the Lord giveth, and the Lord taketh away

One's good fortune can very easily and abruptly be reversed. The phrase originates in the Bible. A: "I can't believe it. I finally get that big promotion, and then the company goes bankrupt!" B: "The Lord giveth, and the Lord taketh away." I was ecstatic to see all the money I had made in my first month as a contractor—until I realized how much would go to taxes. The Lord giveth, and the Lord taketh away.
See also: and, away, lord, taketh
Farlex Dictionary of Idioms. © 2015 Farlex, Inc, all rights reserved.

Lord giveth and the Lord taketh away, the

Good fortune may be followed by misfortune. The term alludes to the Bible’s Book of Job, in which Job suffers considerable misfortune. “The Lord gave and the Lord hath taken away; blessed be the name of the Lord” (Job 1:21). Today it is generally used more lightly and without invoking the deity, as in, “After winning the prize, we just learned we have to pay tax on it—the Lord giveth and taketh away.” The New York Times travel section, in a piece about one airline providing pillows and the other no longer doing so, played on the phrase in a headline: “Virgin Giveth, American Taketh Away” (Dec. 12, 2004). For a modern equivalent, see also win some, lose some.
See also: and, giveth, lord, taketh
The Dictionary of Clichés by Christine Ammer Copyright © 2013 by Christine Ammer
References in classic literature ?
All these heaviest things the load-bearing spirit taketh upon itself: and like the camel, which, when laden, hasteneth into the wilderness, so hasteneth the spirit into its wilderness.
"Forasmuch as it is ordained of God that all flesh hath spirit and thereby taketh on spiritual powers, so, also, the spirit hath powers of the flesh, even when it is gone out of the flesh and liveth as a thing apart, as many a violence performed by wraith and lemure sheweth.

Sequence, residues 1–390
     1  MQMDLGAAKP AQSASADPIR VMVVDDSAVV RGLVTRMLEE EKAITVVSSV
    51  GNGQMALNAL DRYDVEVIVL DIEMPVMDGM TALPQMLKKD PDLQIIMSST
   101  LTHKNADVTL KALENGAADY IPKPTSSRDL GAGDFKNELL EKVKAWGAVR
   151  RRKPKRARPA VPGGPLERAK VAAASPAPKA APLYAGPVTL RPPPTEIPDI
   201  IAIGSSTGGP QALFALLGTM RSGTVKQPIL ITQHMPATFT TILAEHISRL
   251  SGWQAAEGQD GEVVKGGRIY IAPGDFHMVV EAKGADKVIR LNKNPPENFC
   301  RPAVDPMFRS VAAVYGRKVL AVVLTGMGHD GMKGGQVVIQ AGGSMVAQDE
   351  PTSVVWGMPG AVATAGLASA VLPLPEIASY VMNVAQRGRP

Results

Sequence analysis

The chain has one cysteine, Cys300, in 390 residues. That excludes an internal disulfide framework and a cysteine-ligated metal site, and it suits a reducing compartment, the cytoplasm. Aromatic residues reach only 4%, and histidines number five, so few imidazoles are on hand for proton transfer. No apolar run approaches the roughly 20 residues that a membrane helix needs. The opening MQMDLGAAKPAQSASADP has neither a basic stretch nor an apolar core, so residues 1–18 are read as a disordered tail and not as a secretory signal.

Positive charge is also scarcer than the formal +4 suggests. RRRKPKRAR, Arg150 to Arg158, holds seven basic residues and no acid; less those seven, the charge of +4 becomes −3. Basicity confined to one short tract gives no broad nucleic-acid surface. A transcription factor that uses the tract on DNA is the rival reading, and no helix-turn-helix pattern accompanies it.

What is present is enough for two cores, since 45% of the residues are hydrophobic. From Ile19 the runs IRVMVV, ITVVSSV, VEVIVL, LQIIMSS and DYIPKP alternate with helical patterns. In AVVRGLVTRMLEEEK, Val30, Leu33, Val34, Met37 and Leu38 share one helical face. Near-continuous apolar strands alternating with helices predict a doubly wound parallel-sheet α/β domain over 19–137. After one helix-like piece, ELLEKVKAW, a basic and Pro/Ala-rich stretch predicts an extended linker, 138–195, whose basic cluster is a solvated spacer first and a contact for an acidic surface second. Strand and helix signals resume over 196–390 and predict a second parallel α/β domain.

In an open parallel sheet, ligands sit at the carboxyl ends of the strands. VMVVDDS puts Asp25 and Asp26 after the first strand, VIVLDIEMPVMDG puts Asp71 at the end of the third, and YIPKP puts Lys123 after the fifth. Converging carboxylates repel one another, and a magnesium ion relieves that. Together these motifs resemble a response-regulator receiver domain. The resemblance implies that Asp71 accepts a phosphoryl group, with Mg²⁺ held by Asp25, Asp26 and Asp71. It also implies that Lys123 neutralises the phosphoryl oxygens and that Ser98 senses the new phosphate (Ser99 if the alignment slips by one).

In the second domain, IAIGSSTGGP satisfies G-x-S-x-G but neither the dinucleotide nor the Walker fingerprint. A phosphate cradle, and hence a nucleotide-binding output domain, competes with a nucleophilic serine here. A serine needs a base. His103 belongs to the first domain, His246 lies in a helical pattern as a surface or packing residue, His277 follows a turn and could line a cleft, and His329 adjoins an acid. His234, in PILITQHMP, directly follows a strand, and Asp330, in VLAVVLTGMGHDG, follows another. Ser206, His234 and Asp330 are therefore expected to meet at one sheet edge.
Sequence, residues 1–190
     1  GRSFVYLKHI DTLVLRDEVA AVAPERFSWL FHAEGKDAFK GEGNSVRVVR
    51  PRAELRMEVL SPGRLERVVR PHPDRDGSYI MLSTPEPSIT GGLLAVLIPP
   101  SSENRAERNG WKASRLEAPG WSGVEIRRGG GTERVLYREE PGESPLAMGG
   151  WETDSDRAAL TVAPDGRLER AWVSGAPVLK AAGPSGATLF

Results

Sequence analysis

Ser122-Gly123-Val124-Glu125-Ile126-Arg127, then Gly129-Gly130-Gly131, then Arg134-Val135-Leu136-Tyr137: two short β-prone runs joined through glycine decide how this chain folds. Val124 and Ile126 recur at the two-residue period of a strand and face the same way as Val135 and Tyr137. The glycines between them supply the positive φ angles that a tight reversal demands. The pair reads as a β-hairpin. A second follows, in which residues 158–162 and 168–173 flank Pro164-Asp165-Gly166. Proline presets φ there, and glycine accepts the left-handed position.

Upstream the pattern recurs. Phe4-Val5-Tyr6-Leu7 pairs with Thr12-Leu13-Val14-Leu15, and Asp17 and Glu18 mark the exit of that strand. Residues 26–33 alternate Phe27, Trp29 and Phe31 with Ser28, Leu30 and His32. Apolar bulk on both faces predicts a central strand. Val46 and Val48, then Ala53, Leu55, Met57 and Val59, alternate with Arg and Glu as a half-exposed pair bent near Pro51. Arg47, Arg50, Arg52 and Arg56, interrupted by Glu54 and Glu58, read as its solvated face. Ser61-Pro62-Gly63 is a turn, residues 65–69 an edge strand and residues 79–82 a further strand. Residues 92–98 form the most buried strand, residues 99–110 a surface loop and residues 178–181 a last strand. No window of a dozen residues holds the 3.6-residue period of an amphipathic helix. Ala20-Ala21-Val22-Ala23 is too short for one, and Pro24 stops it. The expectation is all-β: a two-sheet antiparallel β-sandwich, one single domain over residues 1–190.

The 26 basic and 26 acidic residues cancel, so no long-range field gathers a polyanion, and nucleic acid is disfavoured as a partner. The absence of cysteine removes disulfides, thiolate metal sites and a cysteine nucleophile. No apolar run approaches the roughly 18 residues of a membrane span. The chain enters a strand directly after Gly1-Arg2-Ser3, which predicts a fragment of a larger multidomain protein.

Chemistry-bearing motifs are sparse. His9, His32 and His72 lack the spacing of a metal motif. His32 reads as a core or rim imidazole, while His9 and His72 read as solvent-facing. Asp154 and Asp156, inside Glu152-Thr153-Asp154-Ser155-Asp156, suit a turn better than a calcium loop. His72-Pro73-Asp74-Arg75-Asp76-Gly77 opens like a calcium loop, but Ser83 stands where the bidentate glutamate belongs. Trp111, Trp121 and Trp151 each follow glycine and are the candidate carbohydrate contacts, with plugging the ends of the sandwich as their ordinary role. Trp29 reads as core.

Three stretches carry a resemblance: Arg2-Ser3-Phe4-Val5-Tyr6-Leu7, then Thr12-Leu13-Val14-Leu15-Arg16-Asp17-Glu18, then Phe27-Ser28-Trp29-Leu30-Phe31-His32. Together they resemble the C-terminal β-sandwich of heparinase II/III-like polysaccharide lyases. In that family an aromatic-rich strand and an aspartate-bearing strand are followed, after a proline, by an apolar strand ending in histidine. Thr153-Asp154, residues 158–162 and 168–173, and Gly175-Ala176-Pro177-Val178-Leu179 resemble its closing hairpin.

For to know much of other men's matters, cannot be because all that ado may concern his own estate; therefore it must needs be, that he taketh a kind of play-pleasure, in looking upon the fortunes of others.
For (as I after leaned) they call an officer that taketh rewards, twice paid."
Now some of you clothe yourselves as curtal friars, and some as rustic peasants, and some as tinkers, or as beggars, but see that each man taketh a good bow or broadsword, in case need should arise.
You may remember the old Persian saying, 'There is danger for him who taketh the tiger cub, and danger also for whoso snatches a delusion from a woman.' There is as much sense in Hafiz as in Horace, and as much knowledge of the world."
The advocate's trade taketh all the grain, and leaveth only straw to the other scientific professions.
Analyst Wayne Brown said: "this deal highlights significant shareholder value for current holders, but such with all things from this management team, they giveth with one-hand and taketh with the other.
People often say that the Lord gives, and the Lord taketh away, but sometimes, Kenyans lend too little power to agents of death themselves.
Where one hand giveth and other taketh: a precious balance between deceit and charity, with religion as the fig leaf.
But what life giveth the armchair sports fan with one hand, it taketh with the other.
My favourite beach is Diani and spending time with the Fishermen, a different breed, typically slim always cryptic but somehow ennobled because of their intuitive understanding of the ocean and how the ocean is like the Lord: "The Lord giveth, and the Lord taketh away".
The "good" and perhaps even more bullish news is the indication that what is being taketh away from Q2 is being giveth to Q3.
Because while the new fixture list giveth, it also taketh away.